Guide to Optical Amplifier

Optical amplifier is an significant device deployed for optical communication and laser physics. No need for converting optical signals into electrical signals first, optical amplifier can directly amplify the optical signals. It is considered to be a laser without optical cavity or with suppressed feedback from cavity. Optical amplifiers are often installed at places where optical signals are weak and need to be enhanced. This ensures the stable transmission of optical signals in the rest cables. Thus, we should attach greater importance to optical amplifier. And this article will guide you to know the secrets of optical amplifier.


Functions of Optical Amplifier

In an optical network, optical amplifiers can be used as booster amplifiers, pre-amplifiers or inline amplifiers. These functions are a little different from each other. When a optical amplifier acts as a booster, it is used to amplify the signals that leave the transmitter into the required level before entering into fiber links. The booster amplifier is especially important to a WDM link as the multiplexer attenuates optical signals. Pre-amplifier is used at the other end of a link to amplify the signal level for it to be detected over or above the thermal noise of the receiver. As for inline amplifier, it is used for links over 150 km in case signals become weak in long distance. Every 80 to 100 km, inline amplifier will be placed to make sure that the signal level is over the noise floor.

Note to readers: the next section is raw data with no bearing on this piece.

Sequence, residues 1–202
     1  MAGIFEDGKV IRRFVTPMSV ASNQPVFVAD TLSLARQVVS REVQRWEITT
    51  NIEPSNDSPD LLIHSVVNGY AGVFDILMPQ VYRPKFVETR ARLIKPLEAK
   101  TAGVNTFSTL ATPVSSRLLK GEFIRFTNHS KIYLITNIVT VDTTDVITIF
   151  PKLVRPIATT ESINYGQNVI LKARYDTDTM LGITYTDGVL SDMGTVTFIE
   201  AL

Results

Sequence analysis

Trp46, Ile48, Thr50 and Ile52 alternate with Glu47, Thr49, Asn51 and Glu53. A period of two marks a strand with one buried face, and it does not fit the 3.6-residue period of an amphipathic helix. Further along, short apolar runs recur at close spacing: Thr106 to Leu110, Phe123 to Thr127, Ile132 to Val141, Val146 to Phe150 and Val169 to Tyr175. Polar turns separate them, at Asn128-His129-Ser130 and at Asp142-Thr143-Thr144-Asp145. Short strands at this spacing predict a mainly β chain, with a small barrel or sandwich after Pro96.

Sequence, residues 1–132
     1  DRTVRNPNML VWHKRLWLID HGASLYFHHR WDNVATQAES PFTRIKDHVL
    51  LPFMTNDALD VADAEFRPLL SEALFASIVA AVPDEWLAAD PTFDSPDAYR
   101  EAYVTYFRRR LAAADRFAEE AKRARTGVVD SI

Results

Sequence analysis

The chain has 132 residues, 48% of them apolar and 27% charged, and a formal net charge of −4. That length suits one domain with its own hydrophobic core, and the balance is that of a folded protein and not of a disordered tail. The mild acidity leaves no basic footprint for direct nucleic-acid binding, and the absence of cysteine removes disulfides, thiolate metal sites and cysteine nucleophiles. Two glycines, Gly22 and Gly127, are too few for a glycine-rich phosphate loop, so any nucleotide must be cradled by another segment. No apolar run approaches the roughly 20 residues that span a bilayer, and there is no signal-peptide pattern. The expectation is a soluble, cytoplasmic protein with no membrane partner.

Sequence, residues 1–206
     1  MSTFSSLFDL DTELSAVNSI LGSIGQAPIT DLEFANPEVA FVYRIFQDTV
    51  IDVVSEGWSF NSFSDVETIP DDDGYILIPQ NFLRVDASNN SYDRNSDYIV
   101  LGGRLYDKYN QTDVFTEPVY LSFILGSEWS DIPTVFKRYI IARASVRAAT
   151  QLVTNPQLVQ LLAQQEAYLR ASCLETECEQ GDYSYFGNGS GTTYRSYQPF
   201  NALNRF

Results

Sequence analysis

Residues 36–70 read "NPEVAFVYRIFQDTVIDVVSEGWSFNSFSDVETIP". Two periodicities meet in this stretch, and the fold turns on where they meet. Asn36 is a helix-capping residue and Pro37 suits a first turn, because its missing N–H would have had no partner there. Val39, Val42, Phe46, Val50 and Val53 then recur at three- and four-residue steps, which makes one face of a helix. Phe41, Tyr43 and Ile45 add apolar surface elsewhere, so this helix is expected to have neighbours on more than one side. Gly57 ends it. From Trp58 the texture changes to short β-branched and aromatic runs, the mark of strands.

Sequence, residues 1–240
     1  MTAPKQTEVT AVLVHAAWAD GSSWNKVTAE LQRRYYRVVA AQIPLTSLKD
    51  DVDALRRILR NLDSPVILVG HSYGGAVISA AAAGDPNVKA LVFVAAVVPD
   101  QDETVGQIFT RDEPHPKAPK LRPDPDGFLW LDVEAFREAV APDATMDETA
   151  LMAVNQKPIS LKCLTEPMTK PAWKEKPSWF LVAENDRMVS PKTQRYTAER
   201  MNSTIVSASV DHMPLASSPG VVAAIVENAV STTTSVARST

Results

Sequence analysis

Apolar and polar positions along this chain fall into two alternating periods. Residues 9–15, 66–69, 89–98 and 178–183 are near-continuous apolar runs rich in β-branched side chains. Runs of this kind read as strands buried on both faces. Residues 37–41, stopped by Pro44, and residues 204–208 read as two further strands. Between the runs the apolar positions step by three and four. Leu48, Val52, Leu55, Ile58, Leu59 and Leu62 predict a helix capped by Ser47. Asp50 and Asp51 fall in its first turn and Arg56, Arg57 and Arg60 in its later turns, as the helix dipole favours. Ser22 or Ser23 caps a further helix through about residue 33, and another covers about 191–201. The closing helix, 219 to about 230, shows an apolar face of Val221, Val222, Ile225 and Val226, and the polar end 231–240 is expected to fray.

Three Types of Optical Amplifiers
1) Erbium Doped Fiber Amplifier (EDFA)

Erbium doped fiber amplifier or EDFA is now the most widely used optical amplifier for long range fiber communications. Its optical fiber (usually a single-mode fiber) at the core is doped with rare earth element erbium to absorb light at one frequency and emit light at another frequency. The light is pumped from laser diodes with a wavelength around 980 nm and sometimes around 1480 nm. EDFA has advantages of high gain, wide bandwidth, high output power, high pumping efficiency, low insertion loss and insensitive to polarization state which turns out to be a good solution for DWDM, CATV and SDH applications.

2) Roman Amplifier

Roman amplifier is designed based on the Roman gain which results from the effect of stimulated Roman scattering. When a lower frequency signal photon induces the inelastic scattering of a higher-frequency pump photon in an optical medium in the nonlinear regime, another signal photon is produced with the surplus energy resonantly passed to the vibrational states of the medium. Roman amplifier is often installed in the mid-stream of a signal or in front of the receiver to amplify signal levels. It has the advantages of greater operating wavelength range, constant optical gain and effective noise figure reduction.

3) Semiconductor Optical Amplifier (SOA)

Semiconductor optical amplifier or SOA is the optical amplifier based on a semiconductor gain medium. Light is sent through a semiconductor single-mode waveguide with transverse dimensions. SOA is usually connected to the output of 1310nm transceivers to amplify signal level before entering into optical fiber. It supports all format of 1310nm wavelength signals and is compatible with all data rates. Thus, SOA is an ideal solution for DWDM network optical amplification.


To sum up, optical amplifier enables the optical transmission over long distance by amplifying signals. This article introduces the fundamentals of its functions and some commonly used types. You may have an overall understanding about optical amplifier. For more information, please visit FS.COM.